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J'ville planner at 'flash point' turns in resignation

JACKSONVILLE — City Planning Director Amy Stevenson, who sometimes found herself between property owners who wanted projects and commissions charged with upholding codes, has tendered her resignation.

City officials will not replace Stevenson immediately, said City Administrator Jeff Alvis. Her resignation becomes effective Tuesday, July 7. She was hired as planning director five years ago.

Stevenson handled building and remodeling requests that had to be reviewed by the town’s Historical and Architectural Review Commission and by the Planning Commission.  National Historic Landmark status takes in 326 acres in the city, and one-third of its structures contribute to that status.

“Her position was kind of a flash point,” said former HARC Commissioner Gary Collins. Many projects in town need HARC endorsement, he explained.

“I always thought she did a good job and was well motivated,” said Collins. “I don’t think people particularly blamed her when they didn’t get through HARC, but there were always issues. It takes time and it takes money.”

Stevenson worked with existing codes while attempts to revise them were underway.

“She was very much a code person,” said Alvis. “She knew the code, and I think she did a good job for the city.”

In May 2012, Stevenson said Title 18 of the municipal code, which governs building and remodeling activities in the town’s historic core, needed to be rewritten to remedy numerous problems. Stevenson said then she hoped to have the work done and approved by the end of that year. The revision is still not complete after three years.

In 2014, a draft version of the new code was nearing completion, aided by a $14,400 grant to pay for work on historic preservation provisions. A Citizen Advisory Committee on Planning Code was instituted last year to help move the process forward.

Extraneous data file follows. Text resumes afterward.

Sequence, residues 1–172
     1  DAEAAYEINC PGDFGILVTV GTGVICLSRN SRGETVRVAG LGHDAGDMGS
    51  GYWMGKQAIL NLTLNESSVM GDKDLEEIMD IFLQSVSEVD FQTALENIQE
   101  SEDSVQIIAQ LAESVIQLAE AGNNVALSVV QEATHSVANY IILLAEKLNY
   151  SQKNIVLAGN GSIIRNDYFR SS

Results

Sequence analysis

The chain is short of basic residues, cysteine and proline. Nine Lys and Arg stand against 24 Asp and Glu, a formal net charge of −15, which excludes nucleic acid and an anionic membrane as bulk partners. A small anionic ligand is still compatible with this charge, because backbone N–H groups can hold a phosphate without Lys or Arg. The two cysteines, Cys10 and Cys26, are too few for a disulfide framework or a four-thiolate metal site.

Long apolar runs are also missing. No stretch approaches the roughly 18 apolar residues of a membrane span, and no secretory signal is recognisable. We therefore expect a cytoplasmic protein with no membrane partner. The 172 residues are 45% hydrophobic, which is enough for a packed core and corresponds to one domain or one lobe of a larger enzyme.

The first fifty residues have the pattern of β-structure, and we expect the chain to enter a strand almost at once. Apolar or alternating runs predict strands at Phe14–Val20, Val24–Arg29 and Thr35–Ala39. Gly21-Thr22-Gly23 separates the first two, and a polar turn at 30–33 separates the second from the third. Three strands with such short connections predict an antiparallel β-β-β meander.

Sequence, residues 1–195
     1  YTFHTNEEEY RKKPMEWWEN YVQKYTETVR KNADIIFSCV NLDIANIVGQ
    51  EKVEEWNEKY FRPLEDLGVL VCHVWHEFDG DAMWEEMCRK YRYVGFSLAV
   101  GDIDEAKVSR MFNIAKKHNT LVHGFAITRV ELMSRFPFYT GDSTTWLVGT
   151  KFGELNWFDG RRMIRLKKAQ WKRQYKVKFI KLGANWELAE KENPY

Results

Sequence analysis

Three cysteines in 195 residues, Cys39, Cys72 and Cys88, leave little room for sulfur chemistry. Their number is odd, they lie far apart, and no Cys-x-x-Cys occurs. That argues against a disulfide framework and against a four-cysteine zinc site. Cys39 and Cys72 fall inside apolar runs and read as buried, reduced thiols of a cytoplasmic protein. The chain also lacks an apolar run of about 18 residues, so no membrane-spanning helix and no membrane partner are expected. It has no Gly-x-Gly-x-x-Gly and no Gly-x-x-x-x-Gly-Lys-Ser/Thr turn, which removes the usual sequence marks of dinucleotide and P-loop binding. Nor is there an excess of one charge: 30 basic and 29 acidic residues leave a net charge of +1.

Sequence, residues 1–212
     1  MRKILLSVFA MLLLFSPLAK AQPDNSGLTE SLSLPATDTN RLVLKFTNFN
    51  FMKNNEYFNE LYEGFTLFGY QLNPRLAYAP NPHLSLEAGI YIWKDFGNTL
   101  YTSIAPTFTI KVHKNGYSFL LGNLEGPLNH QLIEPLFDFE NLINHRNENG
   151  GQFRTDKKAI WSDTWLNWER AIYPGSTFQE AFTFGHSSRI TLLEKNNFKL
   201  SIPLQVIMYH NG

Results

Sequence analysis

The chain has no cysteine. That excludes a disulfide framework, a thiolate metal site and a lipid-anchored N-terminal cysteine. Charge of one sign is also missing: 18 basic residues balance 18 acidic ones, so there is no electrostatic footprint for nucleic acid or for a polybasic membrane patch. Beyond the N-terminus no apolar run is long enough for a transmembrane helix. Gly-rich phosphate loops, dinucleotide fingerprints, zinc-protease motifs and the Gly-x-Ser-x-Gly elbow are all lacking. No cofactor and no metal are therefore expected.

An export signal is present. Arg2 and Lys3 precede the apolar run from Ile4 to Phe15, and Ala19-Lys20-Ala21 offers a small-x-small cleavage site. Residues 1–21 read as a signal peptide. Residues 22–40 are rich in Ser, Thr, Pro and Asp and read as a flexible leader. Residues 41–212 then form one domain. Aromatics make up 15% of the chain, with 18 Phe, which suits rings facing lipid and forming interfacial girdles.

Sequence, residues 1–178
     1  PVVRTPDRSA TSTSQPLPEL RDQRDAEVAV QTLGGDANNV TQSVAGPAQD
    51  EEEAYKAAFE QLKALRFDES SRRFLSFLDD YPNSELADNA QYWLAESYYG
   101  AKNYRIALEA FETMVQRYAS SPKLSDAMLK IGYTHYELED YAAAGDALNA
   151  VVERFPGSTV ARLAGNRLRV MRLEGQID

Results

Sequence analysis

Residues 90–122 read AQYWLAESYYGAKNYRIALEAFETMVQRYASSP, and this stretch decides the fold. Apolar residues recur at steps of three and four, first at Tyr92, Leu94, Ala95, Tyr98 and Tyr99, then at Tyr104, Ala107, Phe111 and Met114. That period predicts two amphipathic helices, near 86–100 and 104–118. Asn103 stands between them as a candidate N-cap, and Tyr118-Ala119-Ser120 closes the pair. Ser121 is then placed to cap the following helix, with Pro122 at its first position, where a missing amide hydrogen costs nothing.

Stevenson also dealt with neighbors’ concerns that development at Bigham Knoll did not follow approved plans. In 2011, neighbors complained that creation of a separate prep kitchen for Frau Kemmling Schoolhaus Brewhaus was not approved and resulted in disruptions at night.

Mitigation efforts were later approved to allow the prep kitchen. 

With Stevenson's departure, city planner Ian Foster will be employed on a full-time basis, said Alvis. In addition, the city will contract with Rogue Valley Council of Governments for planner Dick Converse’s services when needed. Converse has worked on several city planning efforts in the past. He was already under contract to review the revised codes when Stevenson submitted her resignation.

“I’ll be overseeing staff.” said Alvis. “We’ll try if for a couple of months and see how it goes, then make some decisions on what we will need to do.”

Stevenson did not respond to phone calls or an email asking about her future plans.

Tony Boom is a freelance writer living in Ashland. He can be reached at tboomwriter@gmail. com.